The Beauty of Giving Back: Louise Clark’s fashion connection
A love of fashion became a safe space to talk about what’s really going on. Meet the woman behind The Collective
Brimming with bright, bubbly energy, Louise Clark is the sort of person who lights up a room, but it wasn’t always this way. For many mothers, the birth of a child is an exciting time of joy, love and connection. For Louise, it was a time of darkness. After a rollercoaster ride with fertility treatment she was elated to hear the news of her pregnancy, yet when her daughter Billie was born in 2009, Louise was hit with postnatal depression.
She struggled to feel a connection with her baby girl, and when she so deeply wanted to feel a sense of love and joy, she instead felt empty and suffocated. “It was a really frightening time, probably the scariest time in my life. I’ve never had anything like that before. I’ve always lived with anxiety, but this was by far the scariest thing I’ve ever had to go through,” she says. “I was like this shell of a person, any joy or love or happiness had just gone.”
With the help of therapy, medication and support, she made it through the depression and now cherishes her connection with Billie, but the experience sparked something else in her. “I realised after postnatal depression that I had to do something that was fulfilling to my soul,” she says. Knowing that her work had to be meaningful and rewarding, Louise began investigating charities and social enterprise. She was in search of a way that she could combine her love for fashion and pre-loved clothing with her passion for mental health, community spirit and compassion.
This was the beginning of The Collective, a beautiful secondhand store on Auckland’s North Shore that donates 50% of its profits to the Mental Health Foundation of New Zealand. From its humble beginnings in 2014 with only five racks of clothing, the shop is now full of gorgeous secondhand gems, with an online store for those not in the area. From designer, retro and shabby-chic, to antique and restored, there is something for everyone.
Each week, Louise pours herself into curating and styling the store, carefully selecting pieces and up-cycling donated furniture. She describes the shop as eclectic and inspiring, and loves the creative process, but encouraging connection and conversation is what really sets The Collective apart. She is big on putting love back into secondhand goods, but even bigger on putting love back into people. “It’s about encouraging people to be emotionally authentic and to talk about what they’re feeling and what’s going on, and just providing people a place that they feel safe enough to have those conversations,” Louise says.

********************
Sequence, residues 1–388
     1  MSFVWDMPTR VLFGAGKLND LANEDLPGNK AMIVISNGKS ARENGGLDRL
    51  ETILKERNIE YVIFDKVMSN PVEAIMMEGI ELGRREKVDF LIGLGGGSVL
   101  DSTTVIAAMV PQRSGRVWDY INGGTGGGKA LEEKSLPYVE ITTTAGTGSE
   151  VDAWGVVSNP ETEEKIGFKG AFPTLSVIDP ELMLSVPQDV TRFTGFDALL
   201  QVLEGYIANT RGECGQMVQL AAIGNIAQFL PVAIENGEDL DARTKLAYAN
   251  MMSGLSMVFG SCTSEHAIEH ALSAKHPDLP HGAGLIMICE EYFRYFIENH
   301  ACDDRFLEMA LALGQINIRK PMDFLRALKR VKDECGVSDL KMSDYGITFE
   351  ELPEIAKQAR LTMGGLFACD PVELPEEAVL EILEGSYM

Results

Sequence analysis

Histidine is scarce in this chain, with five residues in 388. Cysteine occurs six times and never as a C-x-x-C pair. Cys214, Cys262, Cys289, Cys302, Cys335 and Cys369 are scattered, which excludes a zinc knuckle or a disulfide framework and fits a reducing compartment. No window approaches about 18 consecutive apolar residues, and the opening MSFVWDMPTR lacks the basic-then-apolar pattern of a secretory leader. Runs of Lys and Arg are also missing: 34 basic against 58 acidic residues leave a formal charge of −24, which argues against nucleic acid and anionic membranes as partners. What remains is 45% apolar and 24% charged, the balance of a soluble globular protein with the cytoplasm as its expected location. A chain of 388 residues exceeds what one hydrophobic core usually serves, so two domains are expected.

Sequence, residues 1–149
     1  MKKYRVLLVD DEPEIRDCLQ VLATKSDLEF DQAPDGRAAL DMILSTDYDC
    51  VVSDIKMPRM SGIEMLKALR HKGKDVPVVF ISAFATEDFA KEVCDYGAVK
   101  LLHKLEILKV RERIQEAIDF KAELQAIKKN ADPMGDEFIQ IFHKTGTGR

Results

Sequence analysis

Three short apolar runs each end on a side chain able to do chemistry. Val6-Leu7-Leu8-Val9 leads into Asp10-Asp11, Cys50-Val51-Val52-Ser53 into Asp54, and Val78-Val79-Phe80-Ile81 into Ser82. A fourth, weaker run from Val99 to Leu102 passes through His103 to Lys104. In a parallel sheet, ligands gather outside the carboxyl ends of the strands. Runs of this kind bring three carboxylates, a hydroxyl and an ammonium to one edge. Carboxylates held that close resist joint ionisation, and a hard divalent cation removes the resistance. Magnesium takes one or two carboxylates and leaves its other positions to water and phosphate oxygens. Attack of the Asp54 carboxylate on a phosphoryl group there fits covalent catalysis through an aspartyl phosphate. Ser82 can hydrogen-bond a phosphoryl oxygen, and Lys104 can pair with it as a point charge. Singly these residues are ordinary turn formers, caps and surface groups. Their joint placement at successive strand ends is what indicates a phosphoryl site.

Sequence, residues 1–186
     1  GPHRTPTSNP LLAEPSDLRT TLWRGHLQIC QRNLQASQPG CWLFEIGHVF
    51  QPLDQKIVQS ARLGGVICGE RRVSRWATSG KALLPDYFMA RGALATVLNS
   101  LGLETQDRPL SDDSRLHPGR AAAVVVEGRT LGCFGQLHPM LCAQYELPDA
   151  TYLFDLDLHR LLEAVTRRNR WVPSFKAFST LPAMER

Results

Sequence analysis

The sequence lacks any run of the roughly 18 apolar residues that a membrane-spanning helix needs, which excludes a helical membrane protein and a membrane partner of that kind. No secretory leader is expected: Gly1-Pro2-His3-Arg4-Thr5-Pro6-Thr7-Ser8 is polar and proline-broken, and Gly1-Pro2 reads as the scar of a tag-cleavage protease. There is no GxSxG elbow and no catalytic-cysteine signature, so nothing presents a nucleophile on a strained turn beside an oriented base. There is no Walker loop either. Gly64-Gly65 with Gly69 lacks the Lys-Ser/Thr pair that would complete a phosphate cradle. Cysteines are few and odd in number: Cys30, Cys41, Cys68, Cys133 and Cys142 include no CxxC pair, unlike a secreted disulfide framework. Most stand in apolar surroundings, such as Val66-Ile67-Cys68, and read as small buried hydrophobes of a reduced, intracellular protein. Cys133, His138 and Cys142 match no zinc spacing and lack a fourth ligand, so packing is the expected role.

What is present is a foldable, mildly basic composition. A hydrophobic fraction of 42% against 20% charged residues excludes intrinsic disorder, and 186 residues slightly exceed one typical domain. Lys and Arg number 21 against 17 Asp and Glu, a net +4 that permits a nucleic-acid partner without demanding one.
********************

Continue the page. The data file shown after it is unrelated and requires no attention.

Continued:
Reflecting on her own experiences with anxiety and depression, she knows that it can be hard to open up to our loved ones for fear of burdening them, but talking was a crucial part of her recovery. She encourages people to talk openly about their own struggles and mental health journeys in the store, and serving a customer or picking up some donated furniture often is the beginning of a new friendship.
GIVING FOR GOOD
Outside of their retail space in Birkenhead, Louise has also started doing corporate
‘It’s about providing a place that they feel safe enough to have those conversations’
clothing drives as a way for people to donate their pre-loved items and give back, while promoting conversation about mental health in the workplace. “When you think about where people spend most of their time, it’s in school or it’s at work. That’s where the focus needs to be,” she says. Since starting The Collective, Louise has realised how many lives are touched in some way by mental illness, and the clothing drives are an easy way for a business to make a stand and say to its people, ‘Hey, we care about your mental health.’ She hopes The Collective will show others that it is possible to be in business, make a positive difference, and do social good for the community at the same time.
Having made it through her own dark chapter, Louise is a strong believer that giving back can have an incredibly powerful and positive impact on mental health – something the Mental Health Foundation also promotes as one of their five key ways to improve wellbeing. Giving back to the community and helping others has been the most rewarding part of the journey for Louise. “It nourishes my soul and I’ve never felt better about who I am as a result of that, and I think everyone can do something,” she says.
The response to The Collective has been overwhelmingly positive, and although the business is still in its early stages, Louise has big dreams for the company. Along with a greater focus on the corporate clothing drives, she hopes to see the retail side of the brand expand, and eventually have more stores dotted throughout the country. With daughter Billie now nine years old, Louise envisions one day being involved with schools and education programmes, to try and open up the conversation about mental health to young people and parents.
Louise knows that for a retail store and a business they are doing things differently, and she’s proud. “I want to be different and I want to stand out because I want mental health to stand out. I want the lights to be shone on mental health. It’s time.”